Riverdale Has Gone Downhill


The show Riverdale had a really promising future with a nailbiter first season. However, as the show kept running, it was quickly soiled by outrageous plots and confusing character development. Deranged serial killers, cult sacrifices, and gameboard demons scare viewers away from a horribly written teen drama. 

Riverdale is a show about four teens who are thrown into a new life of chasing serial killers, playing cursed games, as well as finding newfound romance. After unmasking the killer of high school student Jason Blossom, Betty, Archie, Veronica, and Jughead must learn how to survive as new challenges such as gangs and the supernatural present themselves. What started out as a simple mystery turns into a fight for life and death. 

Season one was really good because it stuck to one main plot of Jason Blossom’s death, and the writers did a great job of drawing the viewers in and making the ending unpredictable. However, the plotline got stranger as the seasons stretched on into confusing stories that are incredibly stupid like a board game demon named the ‘Gargoyle King’ coming to kill them. Gryphons and Gargoyles, inspired by the real-life game Dungeons and Dragons, was first played by the main four characters. They soon told their friends about it, and the game spread to the entire student body. Little did the four of them know, it was a game played by their parents when they were younger and it released a demon who went on a killing spree. The Gargoyle King proves to be all-powerful as it has a hold on the whole town. There were many ‘unmaskings’ of the true identity of the Gargoyle King such as Veronica’s father, and a boy impersonating Betty’s long lost brother (another plotline that was introduced to add to the confusion). 

Considering the King takes on so many faces and is constantly unmasked, it only makes the plot tangled and hard to follow. Especially as Betty is later committed into a mental health institution and the once unknown game suddenly rules over all of the patients and nurses. Jesse Hassenger, a critic of the show says, “Even on a stylized teen soap, it’s hard to become invested in characters who are constantly jerked around by a nonsensical master plot.”

Sketchy plotlines aside, the series does a good job of developing characters with multiple layers. Towards the later seasons, characters show tremendous growth and none of them conform to one set ‘box’ or character trope. Betty, who was depicted in season one as ‘the girl next door,’ shows to be a ruthless detective who has a bit of a darker side. Cheryl Blossom, shown in season one to be ‘the mean rich girl’ turns out to be a deadly archer who now affiliates with the local gang, The South Side Serpents.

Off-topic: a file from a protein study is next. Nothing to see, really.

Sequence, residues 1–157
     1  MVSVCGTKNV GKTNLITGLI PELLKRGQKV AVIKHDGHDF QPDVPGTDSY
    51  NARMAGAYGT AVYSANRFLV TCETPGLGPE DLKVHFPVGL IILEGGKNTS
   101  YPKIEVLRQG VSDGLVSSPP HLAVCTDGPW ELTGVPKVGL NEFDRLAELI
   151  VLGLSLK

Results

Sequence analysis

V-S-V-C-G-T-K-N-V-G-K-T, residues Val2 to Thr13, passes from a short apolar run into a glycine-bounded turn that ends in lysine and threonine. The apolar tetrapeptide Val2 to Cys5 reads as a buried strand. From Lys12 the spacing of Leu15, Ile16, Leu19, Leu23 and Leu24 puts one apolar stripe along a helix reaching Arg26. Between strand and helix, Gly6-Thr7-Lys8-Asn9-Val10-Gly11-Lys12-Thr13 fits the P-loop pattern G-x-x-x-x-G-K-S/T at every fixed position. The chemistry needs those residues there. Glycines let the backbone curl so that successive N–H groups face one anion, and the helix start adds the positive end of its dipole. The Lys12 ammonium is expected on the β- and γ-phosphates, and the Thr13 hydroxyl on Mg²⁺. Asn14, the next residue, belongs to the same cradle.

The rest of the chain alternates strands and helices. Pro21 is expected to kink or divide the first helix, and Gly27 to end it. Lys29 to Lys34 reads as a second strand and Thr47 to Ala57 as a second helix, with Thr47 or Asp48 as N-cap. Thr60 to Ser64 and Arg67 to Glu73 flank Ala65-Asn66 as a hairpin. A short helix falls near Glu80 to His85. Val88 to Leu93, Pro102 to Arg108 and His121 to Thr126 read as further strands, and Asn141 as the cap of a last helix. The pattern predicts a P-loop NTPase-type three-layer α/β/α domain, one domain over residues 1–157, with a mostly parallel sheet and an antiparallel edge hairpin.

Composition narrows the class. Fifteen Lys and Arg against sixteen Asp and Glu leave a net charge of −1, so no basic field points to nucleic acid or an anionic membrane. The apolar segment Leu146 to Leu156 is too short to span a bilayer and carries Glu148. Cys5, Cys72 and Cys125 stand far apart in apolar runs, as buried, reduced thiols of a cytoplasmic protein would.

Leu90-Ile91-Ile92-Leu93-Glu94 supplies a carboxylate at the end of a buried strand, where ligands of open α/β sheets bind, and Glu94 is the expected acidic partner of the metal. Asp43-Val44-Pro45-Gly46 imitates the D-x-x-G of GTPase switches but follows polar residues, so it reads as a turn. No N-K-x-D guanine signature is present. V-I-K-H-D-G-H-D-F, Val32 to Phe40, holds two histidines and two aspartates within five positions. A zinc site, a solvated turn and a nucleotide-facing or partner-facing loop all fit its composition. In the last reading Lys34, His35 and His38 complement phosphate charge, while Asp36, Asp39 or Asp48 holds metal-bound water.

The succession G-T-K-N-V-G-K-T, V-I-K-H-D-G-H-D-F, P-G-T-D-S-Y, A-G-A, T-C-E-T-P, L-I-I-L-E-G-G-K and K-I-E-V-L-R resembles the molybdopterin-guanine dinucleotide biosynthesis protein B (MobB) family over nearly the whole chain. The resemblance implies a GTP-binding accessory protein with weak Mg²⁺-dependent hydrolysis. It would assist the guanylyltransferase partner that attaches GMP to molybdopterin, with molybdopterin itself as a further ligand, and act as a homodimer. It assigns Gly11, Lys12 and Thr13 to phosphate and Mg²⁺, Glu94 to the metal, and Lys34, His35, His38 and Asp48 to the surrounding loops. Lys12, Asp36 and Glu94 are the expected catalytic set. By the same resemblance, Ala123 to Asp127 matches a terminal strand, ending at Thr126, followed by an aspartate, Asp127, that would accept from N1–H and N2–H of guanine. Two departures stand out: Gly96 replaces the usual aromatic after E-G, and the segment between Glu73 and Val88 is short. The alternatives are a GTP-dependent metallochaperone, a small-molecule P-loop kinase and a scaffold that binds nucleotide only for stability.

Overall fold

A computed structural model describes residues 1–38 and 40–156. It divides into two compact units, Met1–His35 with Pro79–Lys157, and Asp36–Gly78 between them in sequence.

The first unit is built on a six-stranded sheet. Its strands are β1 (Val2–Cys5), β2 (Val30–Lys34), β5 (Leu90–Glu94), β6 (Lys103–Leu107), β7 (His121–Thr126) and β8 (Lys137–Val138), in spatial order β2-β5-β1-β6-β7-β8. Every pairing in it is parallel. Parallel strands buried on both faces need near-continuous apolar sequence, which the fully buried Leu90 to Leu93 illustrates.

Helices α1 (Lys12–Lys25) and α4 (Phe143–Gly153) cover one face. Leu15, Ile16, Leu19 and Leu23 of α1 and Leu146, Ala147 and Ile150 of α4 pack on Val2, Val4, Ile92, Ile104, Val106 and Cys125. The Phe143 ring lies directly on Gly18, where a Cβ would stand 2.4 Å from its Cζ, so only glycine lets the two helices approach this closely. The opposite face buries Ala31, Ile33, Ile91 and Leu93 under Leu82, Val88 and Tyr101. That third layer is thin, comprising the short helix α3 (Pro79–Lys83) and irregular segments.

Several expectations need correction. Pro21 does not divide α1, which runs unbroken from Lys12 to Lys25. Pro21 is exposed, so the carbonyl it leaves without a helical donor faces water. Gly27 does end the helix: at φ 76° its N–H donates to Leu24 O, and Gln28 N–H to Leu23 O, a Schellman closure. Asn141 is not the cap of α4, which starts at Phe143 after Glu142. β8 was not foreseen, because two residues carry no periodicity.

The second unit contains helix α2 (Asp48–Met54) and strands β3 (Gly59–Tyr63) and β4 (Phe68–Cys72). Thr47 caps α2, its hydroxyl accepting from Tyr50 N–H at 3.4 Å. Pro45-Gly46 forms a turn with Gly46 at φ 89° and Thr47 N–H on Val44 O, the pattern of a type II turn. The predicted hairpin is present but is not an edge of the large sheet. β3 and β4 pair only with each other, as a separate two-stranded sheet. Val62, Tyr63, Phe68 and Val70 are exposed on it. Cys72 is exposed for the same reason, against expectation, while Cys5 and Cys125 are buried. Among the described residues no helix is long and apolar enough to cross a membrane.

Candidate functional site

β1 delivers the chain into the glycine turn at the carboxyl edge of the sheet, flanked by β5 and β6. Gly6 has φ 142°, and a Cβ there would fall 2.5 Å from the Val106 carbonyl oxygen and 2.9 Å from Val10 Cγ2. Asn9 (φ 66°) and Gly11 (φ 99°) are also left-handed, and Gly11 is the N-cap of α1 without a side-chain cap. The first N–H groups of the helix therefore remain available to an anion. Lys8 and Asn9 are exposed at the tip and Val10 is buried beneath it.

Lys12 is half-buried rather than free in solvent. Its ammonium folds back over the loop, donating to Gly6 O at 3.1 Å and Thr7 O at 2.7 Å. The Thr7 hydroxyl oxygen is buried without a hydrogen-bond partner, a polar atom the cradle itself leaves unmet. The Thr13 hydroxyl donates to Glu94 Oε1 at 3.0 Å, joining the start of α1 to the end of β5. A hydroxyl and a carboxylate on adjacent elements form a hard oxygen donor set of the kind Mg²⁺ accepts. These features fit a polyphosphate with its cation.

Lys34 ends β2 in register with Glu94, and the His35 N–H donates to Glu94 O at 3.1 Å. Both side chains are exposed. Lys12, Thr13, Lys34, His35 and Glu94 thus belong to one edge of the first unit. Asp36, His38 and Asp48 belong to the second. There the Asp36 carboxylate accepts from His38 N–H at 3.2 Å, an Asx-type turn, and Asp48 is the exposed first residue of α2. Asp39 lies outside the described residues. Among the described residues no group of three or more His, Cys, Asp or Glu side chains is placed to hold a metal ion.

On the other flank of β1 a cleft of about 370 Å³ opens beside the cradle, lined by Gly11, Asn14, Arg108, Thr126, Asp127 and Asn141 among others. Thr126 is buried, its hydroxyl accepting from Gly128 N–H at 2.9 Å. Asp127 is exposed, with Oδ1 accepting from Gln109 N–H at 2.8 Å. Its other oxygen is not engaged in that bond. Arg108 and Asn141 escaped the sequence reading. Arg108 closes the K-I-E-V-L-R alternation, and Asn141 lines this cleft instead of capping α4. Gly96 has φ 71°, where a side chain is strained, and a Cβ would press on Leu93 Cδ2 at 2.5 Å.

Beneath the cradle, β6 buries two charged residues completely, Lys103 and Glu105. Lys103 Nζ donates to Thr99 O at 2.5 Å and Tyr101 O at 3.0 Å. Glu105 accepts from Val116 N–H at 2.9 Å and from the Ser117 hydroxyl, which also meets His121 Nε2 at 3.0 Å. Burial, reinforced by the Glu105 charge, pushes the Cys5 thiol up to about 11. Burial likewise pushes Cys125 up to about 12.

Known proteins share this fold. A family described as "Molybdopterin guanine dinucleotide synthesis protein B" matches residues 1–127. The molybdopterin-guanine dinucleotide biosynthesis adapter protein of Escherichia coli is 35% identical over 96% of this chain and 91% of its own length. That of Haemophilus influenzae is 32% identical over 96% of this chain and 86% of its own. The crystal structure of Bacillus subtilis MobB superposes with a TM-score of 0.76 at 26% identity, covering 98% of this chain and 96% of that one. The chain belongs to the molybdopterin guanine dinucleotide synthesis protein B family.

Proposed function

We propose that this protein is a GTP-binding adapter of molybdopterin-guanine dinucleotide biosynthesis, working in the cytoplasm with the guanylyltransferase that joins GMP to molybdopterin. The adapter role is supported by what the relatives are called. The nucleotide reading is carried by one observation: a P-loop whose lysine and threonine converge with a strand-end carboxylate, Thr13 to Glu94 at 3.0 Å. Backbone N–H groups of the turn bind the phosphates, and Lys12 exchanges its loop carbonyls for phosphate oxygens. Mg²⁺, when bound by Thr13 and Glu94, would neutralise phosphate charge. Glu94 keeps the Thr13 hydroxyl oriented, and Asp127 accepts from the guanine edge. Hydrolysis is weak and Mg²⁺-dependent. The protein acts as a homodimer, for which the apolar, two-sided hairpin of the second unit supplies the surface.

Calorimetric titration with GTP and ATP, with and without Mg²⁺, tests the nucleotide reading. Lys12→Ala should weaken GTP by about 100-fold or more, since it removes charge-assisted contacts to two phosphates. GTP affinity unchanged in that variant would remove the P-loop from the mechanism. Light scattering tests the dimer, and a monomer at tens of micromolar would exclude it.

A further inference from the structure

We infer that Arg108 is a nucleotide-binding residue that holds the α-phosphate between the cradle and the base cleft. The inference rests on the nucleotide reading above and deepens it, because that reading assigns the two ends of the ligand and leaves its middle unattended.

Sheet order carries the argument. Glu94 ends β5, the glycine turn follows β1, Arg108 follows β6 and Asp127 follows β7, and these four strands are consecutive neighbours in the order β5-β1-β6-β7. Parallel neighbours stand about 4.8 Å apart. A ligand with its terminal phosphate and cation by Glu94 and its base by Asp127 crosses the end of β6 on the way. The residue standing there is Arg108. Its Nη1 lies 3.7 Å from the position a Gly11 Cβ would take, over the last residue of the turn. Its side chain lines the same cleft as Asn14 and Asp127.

Even though the characters change over time, they are generally depicted in an inappropriately mature way, including one character becoming involved in a teacher-student romantic relationship. This plot point essentially glorifies an abusive relationship, and the show could’ve gone without this substory considering the main plot was a murder mystery. This relationship was added for shock value when in reality it promoted dangerous relationships to young viewers.

There is also romance between students, however, their relationships are depicted in mature ways. Riverdale consistently oversexualizes the teen characters and while sometimes the scenes make sense for the plotline, like Archie and Veronica getting trapped in a closet together which in turn causes a fight between Betty and Veronica, other times they are unnecessary. Gianluca Russo, writer of the article Riverdale’ Oversexualizes its Teenage Characters says, “While shows are entirely within their right to acknowledge the fact that yes, teenagers can be sexually active, it’s worrying that storylines would dive into these themes without moving the plot along in a meaningful way.”

At times it seems that the writers are running out of content and are just trying to stretch the seasons on. Starting in season two they started a ‘tradition’ of writing a musical episode in each season. However, the musicals in the show take away from the main storyline and make no sense. For the first two seasons, both episodes featured a musical that was the school show for that year so as the characters interacted with one another, it was like the audience was watching a rehearsal. However, in season four, the characters were going about their daily lives and would randomly burst out into song and dance. Across all musical episodes, instead of viewers gaining information about the main plotline, the important information was pushed back because of the musical numbers. Hannah Shaw-Williams, writer of the article Riverdale Needs To Stop Doing Musical Episodes explains, “The only things that happen in ‘Wicked Little Town’ that remotely move the story along are Betty and Archie kissing each other (cheating on Jughead and Veronica in the process), and Jughead receiving a tape that features an apparent murder and creepy masks of himself and Betty.”

Riverdale is a show that started out with a promising future, but the writers took turns no one would’ve expected nor wanted. However, if you like the basic idea behind Riverdale, consider watching The Chilling Adventures of Sabrina on Netflix. The show is written by the same writers as Riverdale, however, it has a consistent well-written plotline and in-depth and unique characters.